Privacy challenges with genetic information

Joyce Kim*, Sara Katsanis

*Corresponding author for this work

Research output: Chapter in Book/Report/Conference proceedingChapter

Abstract

DNA technologies are used routinely in missing persons investigations because they allow investigators to connect a found individual, or remains that cannot be identified, to an open missing persons case. Currently, the standard genetic markers included in a DNA profile do not include any determining traits other than sex. Nevertheless, the predictive nature of genetic information, its relevance for family members, and its past use to support discrimination, at times, heightens public concerns over genetic privacy. Furthermore, as DNA technologies develop, the possibility of applying broader marker panels, genome sequencing, and next-generation technologies that may assess thousands of points in a genome grows, as does the potential inclusion of trait-predictive markers to predict race, ethnicity, height, eye-color, or other similar metrics in order to better guide investigations.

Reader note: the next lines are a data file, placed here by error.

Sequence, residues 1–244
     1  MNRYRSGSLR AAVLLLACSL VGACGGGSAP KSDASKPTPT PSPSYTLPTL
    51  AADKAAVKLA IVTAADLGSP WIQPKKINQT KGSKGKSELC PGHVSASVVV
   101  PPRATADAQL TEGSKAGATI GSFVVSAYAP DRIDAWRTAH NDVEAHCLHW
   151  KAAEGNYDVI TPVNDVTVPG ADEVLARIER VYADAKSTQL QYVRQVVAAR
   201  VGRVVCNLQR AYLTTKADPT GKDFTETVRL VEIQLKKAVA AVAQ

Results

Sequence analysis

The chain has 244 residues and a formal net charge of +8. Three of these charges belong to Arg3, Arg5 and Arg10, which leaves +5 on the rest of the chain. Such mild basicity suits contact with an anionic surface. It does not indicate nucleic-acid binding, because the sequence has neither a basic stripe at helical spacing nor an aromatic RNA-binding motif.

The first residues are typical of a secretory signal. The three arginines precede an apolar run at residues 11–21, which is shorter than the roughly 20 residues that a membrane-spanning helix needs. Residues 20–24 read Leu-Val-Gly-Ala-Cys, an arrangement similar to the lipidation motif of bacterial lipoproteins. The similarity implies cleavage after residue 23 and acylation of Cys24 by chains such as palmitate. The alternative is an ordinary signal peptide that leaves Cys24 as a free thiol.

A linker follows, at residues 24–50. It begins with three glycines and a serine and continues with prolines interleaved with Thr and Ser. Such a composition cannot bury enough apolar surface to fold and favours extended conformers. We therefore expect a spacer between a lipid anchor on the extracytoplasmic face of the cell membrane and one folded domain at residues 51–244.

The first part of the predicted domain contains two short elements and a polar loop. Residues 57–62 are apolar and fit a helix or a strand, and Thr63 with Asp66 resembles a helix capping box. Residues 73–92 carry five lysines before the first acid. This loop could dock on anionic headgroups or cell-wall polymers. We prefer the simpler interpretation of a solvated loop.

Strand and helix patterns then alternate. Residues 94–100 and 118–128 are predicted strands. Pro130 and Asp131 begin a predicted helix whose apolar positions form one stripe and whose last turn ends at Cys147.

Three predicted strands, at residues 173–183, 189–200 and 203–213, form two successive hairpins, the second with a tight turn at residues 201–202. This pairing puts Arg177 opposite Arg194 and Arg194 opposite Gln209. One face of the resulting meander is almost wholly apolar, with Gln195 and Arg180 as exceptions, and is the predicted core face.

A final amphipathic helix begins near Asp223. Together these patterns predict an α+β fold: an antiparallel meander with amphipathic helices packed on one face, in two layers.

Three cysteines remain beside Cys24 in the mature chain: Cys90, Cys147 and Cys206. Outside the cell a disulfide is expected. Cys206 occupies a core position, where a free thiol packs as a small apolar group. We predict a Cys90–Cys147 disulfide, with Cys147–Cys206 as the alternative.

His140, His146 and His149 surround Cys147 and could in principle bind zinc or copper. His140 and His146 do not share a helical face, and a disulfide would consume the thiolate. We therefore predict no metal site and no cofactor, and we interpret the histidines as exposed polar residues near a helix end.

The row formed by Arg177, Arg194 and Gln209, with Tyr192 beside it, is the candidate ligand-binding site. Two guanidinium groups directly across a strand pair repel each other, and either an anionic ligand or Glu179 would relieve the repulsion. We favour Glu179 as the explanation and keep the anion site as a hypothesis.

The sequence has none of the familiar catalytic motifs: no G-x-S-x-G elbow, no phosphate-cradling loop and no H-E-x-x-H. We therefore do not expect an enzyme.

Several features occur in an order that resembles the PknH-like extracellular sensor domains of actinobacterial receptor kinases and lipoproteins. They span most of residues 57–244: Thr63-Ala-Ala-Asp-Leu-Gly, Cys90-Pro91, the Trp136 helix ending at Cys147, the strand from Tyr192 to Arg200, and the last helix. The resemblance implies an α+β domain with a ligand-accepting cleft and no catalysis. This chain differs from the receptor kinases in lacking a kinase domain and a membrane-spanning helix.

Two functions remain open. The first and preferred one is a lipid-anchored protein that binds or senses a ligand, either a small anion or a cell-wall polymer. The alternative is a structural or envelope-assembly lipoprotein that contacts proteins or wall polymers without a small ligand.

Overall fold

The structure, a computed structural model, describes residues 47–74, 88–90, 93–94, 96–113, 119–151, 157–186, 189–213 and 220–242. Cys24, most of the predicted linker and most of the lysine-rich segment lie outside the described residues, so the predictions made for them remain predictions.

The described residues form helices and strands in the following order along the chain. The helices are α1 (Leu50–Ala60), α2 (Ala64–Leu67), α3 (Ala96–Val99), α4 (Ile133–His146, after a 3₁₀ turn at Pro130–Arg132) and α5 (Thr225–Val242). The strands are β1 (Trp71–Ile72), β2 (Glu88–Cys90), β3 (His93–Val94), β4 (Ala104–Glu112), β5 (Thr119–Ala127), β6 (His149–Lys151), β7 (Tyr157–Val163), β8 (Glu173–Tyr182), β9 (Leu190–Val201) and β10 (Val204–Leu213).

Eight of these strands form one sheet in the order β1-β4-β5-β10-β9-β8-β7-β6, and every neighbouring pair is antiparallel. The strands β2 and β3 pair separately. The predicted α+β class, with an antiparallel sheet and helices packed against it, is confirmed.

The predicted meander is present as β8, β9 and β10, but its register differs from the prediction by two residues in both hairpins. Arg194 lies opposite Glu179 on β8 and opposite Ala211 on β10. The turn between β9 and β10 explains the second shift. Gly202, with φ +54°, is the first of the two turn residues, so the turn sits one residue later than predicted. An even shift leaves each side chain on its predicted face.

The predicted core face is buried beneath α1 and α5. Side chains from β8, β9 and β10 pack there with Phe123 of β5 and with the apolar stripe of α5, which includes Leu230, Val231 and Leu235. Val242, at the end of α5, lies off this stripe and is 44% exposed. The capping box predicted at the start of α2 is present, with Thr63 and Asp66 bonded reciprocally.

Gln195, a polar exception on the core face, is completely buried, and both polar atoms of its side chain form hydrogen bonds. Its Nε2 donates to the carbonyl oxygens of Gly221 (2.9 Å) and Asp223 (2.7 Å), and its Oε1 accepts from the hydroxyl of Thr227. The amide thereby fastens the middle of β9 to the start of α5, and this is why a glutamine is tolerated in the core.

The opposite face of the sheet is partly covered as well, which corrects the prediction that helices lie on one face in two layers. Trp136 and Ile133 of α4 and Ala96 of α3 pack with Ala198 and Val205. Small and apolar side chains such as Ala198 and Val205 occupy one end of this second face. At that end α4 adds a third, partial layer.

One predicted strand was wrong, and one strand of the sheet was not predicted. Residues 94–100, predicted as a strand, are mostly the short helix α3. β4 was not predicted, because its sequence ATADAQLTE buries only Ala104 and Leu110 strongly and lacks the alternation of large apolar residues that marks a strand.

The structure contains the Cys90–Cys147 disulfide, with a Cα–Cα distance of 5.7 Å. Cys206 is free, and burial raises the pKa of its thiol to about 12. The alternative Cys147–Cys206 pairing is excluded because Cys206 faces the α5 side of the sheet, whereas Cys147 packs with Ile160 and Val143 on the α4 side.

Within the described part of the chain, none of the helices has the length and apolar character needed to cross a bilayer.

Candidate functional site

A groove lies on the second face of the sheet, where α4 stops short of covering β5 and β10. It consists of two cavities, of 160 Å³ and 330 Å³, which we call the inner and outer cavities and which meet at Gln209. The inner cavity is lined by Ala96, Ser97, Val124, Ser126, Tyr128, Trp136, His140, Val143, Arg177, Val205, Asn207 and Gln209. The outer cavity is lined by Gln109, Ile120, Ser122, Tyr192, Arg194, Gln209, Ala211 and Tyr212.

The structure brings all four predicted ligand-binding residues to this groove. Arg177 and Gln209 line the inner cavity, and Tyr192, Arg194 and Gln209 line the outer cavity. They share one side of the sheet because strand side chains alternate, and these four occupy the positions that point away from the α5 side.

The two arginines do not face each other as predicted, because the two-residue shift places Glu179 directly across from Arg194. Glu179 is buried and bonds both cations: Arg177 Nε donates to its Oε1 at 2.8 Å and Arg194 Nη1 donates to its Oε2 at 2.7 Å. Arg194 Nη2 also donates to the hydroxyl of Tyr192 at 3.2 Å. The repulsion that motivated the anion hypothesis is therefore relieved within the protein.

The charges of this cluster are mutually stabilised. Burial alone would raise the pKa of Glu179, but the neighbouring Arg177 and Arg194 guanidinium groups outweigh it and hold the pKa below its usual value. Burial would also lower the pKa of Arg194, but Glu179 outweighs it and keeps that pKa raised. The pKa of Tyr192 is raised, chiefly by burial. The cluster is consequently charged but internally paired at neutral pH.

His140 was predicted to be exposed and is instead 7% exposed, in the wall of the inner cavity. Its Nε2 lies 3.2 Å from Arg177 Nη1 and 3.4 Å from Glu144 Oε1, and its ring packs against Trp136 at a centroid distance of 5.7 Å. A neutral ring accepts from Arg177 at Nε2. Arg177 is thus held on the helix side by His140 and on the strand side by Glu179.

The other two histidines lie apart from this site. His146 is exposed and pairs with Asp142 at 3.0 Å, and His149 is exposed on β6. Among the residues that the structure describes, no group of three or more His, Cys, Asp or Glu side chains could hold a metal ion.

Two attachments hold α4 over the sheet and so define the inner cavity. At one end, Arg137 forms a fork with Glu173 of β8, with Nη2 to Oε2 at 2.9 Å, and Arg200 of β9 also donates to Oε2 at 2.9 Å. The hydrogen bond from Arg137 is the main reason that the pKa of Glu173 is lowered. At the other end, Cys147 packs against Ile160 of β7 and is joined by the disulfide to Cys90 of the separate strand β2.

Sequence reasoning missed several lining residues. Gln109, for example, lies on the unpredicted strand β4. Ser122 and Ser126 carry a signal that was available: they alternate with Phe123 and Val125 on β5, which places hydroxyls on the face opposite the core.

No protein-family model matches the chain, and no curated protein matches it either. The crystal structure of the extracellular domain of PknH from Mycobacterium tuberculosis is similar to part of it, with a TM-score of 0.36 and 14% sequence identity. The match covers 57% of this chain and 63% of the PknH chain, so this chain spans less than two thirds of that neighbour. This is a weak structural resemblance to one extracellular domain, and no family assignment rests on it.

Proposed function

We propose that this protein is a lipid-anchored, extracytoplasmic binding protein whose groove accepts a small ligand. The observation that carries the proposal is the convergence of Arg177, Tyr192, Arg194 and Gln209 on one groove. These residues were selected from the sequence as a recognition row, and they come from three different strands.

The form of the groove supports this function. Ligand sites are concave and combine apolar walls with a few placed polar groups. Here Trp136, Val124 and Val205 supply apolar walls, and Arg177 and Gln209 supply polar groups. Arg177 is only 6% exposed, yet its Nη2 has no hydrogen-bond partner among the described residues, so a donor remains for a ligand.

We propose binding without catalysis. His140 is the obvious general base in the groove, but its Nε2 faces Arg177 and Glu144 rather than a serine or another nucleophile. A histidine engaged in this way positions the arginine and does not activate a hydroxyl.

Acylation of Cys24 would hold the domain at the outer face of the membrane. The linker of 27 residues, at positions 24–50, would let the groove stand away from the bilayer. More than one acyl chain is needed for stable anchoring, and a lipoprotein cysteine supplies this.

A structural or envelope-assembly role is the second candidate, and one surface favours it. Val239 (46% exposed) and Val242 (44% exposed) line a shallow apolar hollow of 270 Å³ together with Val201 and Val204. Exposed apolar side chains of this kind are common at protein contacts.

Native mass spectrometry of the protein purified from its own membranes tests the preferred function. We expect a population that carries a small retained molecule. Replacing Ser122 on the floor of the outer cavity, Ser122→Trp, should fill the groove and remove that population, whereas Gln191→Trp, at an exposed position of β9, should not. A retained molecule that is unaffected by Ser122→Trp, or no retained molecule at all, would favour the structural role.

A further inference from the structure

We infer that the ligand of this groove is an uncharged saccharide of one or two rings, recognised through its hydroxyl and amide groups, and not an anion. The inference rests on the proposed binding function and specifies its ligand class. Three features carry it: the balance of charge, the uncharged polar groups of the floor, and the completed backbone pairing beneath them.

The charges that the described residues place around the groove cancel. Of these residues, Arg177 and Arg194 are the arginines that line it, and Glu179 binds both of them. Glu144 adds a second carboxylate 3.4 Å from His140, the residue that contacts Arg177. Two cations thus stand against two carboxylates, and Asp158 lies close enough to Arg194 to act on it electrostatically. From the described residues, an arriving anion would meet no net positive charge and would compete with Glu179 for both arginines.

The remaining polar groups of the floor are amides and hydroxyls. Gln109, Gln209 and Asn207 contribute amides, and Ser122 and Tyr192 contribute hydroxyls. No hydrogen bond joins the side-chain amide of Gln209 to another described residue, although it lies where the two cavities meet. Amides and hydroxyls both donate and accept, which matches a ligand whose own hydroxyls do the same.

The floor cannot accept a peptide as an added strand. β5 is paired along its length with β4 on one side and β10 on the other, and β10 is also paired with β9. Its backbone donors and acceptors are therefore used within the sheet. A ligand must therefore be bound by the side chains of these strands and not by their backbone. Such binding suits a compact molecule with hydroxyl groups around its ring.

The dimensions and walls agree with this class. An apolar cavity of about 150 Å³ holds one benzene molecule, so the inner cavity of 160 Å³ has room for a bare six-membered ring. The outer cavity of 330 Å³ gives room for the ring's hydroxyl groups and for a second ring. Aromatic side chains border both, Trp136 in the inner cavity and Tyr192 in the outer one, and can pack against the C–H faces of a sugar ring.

Original languageEnglish (US)
Title of host publicationHandbook of Missing Persons
PublisherSpringer International Publishing
Pages379-387
Number of pages9
ISBN (Electronic)9783319401997
ISBN (Print)9783319401973
DOIs
StatePublished - Jan 1 2016

Keywords

  • Consent
  • DNA
  • Genetic information
  • Privacy
  • Trust

ASJC Scopus subject areas

  • Psychology(all)

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  • Cite this

    Kim, J., & Katsanis, S. (2016). Privacy challenges with genetic information. In Handbook of Missing Persons (pp. 379-387). Springer International Publishing. https://doi.org/10.1007/978-3-319-40199-7_25